Brands engaging with customers on social media, market researchers say, must bring something of value to the table before they expect customers to be receptive to their message or expect them to share their data.
This was the main message relayed from the industry insight experts at MRS’s annual conference, Impact 2017.
Social media star Alex Pettitt who has more than 2.5 lakh followers on Periscope, the video streaming service, commented that consumers must be provided with something of value and only then can brands expect to ask something in return.
He furthered that with some of the brands he worked, it was frustrating as they only sought to market their social platforms. While, only a few chosen ones actually sought to build a community that loved their brand.
Therefore, as per market research experts, by sharing the content people enjoy, Pettitt earns the right to target them with marketing and sponsored content.
Understanding how to use personized content
As per Simeon Duckworth of Group M, opined that it was no longer the technology impeding personized marketing, rather lack of understanding of how to use it and comprehend its value.
According to him, it’s not so much that we are not capable, but it it’s just that we do not understand how the advertising works well enough.
The limitation, therefore is as much on what we are looking for, as it is what’s technical proficient.
Meanwhile, Celina Burnett, Head of the marketing analytics at Asos.com, cautions that personalization can go too far as well.
It may start to creep out customers who may find it inappropriate and make them concerned as to how their data is being utilized.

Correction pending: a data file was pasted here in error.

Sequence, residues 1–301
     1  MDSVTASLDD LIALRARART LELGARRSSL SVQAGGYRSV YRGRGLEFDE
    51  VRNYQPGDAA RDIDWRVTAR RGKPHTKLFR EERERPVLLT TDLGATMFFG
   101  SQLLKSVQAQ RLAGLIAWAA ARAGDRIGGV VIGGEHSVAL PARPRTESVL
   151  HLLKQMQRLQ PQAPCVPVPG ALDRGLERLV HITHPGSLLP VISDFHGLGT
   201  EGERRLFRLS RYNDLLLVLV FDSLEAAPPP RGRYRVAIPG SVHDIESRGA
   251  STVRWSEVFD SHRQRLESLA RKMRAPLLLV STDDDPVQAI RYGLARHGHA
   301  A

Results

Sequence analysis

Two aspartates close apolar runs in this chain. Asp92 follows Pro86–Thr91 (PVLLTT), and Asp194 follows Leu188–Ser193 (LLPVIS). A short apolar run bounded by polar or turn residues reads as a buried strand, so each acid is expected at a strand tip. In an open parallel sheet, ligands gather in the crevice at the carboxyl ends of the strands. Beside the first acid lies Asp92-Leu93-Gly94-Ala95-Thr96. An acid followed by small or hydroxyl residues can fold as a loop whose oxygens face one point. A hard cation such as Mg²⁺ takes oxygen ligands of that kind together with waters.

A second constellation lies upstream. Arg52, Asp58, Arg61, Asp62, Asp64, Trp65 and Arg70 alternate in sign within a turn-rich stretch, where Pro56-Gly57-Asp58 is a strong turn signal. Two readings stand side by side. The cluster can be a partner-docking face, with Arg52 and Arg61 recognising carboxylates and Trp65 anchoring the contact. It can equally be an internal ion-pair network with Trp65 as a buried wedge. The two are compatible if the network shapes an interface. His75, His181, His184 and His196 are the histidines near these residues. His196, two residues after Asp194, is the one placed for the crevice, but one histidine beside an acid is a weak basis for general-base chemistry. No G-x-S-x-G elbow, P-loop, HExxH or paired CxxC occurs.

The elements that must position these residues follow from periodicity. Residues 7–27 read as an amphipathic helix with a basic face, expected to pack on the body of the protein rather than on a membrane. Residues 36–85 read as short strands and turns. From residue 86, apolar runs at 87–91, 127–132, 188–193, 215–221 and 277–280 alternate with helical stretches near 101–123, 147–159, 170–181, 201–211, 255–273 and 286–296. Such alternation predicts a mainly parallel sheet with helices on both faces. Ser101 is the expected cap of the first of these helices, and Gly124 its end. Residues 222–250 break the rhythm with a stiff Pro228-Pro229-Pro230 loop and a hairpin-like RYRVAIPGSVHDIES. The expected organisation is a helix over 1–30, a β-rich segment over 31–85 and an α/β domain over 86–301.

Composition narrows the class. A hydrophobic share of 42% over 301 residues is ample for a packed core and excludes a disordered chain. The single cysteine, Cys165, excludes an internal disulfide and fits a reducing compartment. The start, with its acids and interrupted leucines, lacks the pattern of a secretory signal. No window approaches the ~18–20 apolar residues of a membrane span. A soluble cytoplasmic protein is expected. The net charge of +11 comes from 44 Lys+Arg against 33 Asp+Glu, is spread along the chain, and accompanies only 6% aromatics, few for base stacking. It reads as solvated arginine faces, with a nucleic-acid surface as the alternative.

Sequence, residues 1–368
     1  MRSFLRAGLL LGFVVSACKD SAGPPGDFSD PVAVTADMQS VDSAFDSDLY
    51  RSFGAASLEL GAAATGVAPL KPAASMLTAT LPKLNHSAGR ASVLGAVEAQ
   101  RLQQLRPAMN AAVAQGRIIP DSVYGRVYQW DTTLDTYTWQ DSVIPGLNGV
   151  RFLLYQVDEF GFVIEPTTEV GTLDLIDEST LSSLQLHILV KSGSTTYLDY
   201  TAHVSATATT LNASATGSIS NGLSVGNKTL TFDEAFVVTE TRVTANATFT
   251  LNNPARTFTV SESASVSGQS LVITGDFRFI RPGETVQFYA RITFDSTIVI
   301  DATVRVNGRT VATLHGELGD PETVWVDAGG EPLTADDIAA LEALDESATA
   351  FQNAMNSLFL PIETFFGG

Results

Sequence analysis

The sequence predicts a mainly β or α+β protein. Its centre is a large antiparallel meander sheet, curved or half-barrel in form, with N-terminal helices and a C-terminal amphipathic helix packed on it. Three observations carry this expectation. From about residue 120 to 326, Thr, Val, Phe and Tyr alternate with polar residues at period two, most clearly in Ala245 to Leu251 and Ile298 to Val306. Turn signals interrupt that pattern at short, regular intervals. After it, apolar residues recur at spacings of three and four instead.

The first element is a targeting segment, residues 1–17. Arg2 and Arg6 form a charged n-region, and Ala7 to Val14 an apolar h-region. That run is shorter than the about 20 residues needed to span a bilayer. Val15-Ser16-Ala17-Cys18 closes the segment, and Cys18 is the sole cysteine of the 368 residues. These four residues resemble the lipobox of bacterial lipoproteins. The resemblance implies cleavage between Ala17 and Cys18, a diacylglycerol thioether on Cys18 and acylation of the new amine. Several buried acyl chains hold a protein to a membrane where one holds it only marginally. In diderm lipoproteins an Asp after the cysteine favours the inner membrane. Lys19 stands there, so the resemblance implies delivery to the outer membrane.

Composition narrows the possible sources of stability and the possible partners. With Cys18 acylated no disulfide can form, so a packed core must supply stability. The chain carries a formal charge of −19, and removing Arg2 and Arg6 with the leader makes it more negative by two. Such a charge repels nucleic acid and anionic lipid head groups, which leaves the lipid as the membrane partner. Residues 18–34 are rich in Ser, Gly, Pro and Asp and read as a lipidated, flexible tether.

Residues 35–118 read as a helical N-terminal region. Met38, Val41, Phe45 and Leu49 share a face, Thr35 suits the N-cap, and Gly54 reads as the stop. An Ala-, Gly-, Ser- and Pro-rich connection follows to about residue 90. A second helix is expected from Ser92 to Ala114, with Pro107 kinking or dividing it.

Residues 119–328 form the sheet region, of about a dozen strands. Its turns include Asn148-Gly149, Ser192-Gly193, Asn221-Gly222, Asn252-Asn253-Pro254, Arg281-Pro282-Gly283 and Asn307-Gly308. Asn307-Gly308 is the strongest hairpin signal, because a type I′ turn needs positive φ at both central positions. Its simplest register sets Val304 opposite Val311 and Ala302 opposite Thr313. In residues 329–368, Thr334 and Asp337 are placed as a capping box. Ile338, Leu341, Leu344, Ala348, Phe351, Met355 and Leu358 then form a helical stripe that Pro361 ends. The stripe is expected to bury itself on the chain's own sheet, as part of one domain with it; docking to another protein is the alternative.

This may turn them off from the brand. According technology market research reports, this effect also depends on age, the younger the age group is, the more comfortable customers generally are with you using their information, she commented.
Head of research at O2, Jessica Salmon, said that EU’s upcoming new data regulations, which will require brands to be crystal clear about how they utilize customer personal data, signified a “big opportunity” for brands that act in a responsible and open way online.
It will be the right thing to do and will cut out the slightly creepy part, that brands are concerned about and the bad personalization as well, she added.
Salmon, however also cautioned the market research industry that, with personalization, it also needs to support its own value and expertise.
She added that as an industry we have a challenge, with drive towards the personalization and data science, that it gets picked up by analysts, media companies etc.
Our skills as research industry are in our comprehension as humans and interpreting it, tells a story regardless of where that info comes from.
So from an insight point of view, it’s about bringing that synthesis and consumer understanding and that’s intensely powerful, therefore we should be stepping up that to take a pro-active stance.
If we cling on to doing things the old way, we would be in danger of being obsolete, Salmon finished.